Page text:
It began in the parking lot. The jittery, heart beating faster, shallow breathing, nauseating anxiety crept in. Darting in and out of the endless rows, scanning up and down hoping to discover the one empty space before the other forty cars beat me to it. Three failed attempts and then success. But the victory celebration was brief. For the next challenge waited like a coyote ready to pounce.
The line snaked around the corner, past the men’s room, and the tiny overcrowded Starbucks, spilling into the concourse. A small melee ensued as fellow travelers struggled to discern the battle lines between the line, the exit, and the way to the restroom. In these circumstances it’s important to keep your head up, feet moving, like a running back on fourth and one. I locked in on the “All Travelers This Way” sign and kept churning forward. A quick nod to the blue clad gatekeeper, signaled that I am a veteran of these line wars, and that words need not be spoken.
The hustle of entering the line slowed as I found my spot between the outstretched nylon bands that demarcated chaos from civilization. Phones popped out of pockets as my heart rate slowed. This is the part where you wait.
The waiting ended at a toll booth of sorts. “ID please.” the stoic faced young TSA worker said, glancing up briefly to match the driver’s license mug shot with the bleary eyed traveler before him. “Have a nice flight. Join the line to the right.” he murmured as I shuffled off to the next little battle.
I joined a line of disoriented, partially disrobed people as we stood next to a moving counter filled with gray trays. As we waited, another captain of travel, part ambassador of government oversight, part pedestrian traffic cop, belted out commands like a prison guard to a band of newly arrived inmates. “Computers and electronics out! No liquids! Shoes off! Belts off! Nothing in the pockets! Everything in the trays!” he bellowed. He was angry, in the way that a man high on power, sure of his dominion, and utterly filled with contempt for his station usually presents himself.
Something in me wanted to fight back, to rail against the injustice and ridiculousness of his power hungry tirade at our expense. But the ten signs viewable in every direction made the dire consequences clear. “No abusive language. No violence of any kind.” it read. “Punishable by a fine of up to $13,910.” Why $13,910? Why not $13,000 or $100,000? Somewhere in that number is a story of other bureaucrats, on their own paper lined power trip. It didn’t matter. Unless I wanted to buy a car for the federal government I needed to keep my mouth shut and take the abuse like a good citizen of the Empire.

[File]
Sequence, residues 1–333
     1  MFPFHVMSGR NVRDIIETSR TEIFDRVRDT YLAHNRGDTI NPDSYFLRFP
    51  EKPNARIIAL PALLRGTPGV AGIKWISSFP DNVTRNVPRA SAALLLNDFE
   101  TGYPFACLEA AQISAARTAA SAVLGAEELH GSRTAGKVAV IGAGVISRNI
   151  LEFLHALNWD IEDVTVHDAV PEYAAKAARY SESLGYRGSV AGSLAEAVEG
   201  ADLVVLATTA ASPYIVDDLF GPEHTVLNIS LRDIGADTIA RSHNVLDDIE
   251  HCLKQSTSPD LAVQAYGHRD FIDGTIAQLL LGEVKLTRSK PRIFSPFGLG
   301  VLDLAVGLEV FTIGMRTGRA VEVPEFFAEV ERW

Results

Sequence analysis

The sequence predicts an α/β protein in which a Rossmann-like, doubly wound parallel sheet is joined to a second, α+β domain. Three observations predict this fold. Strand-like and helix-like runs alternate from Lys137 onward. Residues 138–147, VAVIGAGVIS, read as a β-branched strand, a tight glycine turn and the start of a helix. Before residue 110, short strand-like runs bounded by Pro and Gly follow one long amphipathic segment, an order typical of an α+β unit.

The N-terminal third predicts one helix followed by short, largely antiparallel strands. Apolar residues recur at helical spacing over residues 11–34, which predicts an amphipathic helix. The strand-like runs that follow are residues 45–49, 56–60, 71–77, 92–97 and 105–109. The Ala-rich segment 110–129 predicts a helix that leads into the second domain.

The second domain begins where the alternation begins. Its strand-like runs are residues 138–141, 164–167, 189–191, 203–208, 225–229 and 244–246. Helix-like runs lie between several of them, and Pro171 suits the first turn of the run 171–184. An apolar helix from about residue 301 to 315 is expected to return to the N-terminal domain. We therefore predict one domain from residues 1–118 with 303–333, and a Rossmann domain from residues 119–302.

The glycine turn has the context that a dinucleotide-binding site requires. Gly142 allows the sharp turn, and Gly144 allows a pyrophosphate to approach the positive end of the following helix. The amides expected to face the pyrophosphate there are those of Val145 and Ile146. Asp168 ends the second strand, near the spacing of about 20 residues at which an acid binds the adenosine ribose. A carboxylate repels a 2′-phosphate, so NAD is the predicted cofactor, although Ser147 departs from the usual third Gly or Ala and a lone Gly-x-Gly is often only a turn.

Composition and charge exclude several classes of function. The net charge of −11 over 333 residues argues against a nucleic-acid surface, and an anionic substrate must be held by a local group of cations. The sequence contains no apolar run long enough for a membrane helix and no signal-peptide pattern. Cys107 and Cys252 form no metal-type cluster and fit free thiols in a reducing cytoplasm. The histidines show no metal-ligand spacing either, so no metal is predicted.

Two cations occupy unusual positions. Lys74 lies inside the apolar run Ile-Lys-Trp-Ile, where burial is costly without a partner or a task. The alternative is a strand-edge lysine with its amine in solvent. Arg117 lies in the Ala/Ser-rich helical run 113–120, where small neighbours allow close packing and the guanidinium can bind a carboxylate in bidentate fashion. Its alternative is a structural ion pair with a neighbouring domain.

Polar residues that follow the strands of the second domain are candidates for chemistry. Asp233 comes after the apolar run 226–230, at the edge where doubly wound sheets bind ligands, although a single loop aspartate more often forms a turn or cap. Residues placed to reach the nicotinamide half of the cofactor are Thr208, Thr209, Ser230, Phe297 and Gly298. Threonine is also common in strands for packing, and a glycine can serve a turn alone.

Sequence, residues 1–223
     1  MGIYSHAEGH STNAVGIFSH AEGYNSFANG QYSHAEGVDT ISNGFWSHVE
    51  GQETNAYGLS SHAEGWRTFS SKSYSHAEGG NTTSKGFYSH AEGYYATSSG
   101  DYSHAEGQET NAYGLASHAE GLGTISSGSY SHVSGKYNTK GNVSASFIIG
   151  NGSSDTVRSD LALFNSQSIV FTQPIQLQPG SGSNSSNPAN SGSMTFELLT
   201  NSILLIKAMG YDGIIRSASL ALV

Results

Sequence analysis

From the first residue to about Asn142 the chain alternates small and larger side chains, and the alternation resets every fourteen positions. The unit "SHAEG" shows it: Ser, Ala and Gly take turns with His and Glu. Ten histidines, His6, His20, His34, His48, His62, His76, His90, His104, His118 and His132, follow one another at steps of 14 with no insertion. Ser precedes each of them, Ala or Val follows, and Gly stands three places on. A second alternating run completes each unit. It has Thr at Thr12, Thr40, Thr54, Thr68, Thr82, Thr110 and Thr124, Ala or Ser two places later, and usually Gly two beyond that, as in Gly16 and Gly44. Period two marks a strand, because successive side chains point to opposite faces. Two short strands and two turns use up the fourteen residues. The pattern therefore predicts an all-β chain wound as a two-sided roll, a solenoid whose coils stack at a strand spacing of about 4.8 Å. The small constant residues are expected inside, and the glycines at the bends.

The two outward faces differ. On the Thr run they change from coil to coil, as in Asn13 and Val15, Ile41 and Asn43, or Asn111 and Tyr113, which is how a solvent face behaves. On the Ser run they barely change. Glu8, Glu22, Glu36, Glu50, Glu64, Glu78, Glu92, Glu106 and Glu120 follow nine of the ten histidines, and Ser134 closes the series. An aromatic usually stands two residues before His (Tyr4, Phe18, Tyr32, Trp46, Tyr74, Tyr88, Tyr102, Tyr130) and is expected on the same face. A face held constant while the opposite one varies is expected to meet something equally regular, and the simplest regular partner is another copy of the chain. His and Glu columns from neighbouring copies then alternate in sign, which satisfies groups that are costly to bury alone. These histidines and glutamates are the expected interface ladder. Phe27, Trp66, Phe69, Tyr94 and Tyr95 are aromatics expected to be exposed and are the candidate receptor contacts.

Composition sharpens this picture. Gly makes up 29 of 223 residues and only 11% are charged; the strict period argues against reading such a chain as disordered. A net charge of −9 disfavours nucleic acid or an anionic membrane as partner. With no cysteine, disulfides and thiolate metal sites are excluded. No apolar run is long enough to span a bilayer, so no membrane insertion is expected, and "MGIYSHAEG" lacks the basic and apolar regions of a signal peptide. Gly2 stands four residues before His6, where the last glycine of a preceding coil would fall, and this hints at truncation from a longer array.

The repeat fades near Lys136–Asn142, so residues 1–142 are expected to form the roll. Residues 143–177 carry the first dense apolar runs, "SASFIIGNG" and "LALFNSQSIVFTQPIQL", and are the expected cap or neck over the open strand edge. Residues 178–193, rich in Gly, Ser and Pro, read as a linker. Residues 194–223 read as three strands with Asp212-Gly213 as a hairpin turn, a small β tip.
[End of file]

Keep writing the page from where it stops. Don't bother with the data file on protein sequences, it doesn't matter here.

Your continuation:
I obeyed. As I slipped my shoes off I muttered, “Thanks Richard Reid.” Then I pulled off my belt and held on to my pants to keep things respectable. I organized my bags, and electronics and wardrobe in the dirty grey bin, shoved it dutifully onto the little conveyor belt and headed to the body scanning station.
This wait was brief. “Step forward please.” the next stormtrooper barked. The disdain for himself, his job, and me were palpable. “Feet on the marks, spread ‘em, hands up over your head.” he said. I complied, the magic scanner whirred and I was relieved of the rest of my privacy as my naked form was analyzed by minimally trained workers in a closeted room somewhere nearby. I stepped out of the little time machine scanner booth. “You are good.” the stormtrooper quipped.
I shuffled through another mosh pit of partially dressed fellow humans and waited for my possessions to be cleared of terrorist or criminal threat. I stared at the exit of the little belt, waiting for my bags to emerge. I hoped they would make it past the little checkpoint where the good bags go straight and the naughty ones go right. Success! All three bins popped out, finishing their journey as they slammed into the bins in front of me.
I grab everything and made my way to a stainless steel table like you might find in a morgue. Awkwardly I fed my belt through the loops and slip on my sneakers as a lady beside me gets dressed in public. I grab my phone and check for my wallet. All is right in the world again as I make a beeline for gate B-5.
This might be the weirdest place in the world. Part prison, part bus station, part gateway to the world. We suffer the indignation of government searches, mind numbing waiting in lines, and contempt of fellow humans for the opportunity to rocket to far away places through the clouds. The suffering is worth it – usually. For this is a place where adventure begins, and a wide world is somehow at our fingertips. It’s a strange world we live in. Today I’m grateful for the privilege of going to a new city to do interesting things. My pulse is slower now as I settle in my uncomfortable seat. New Orleans awaits.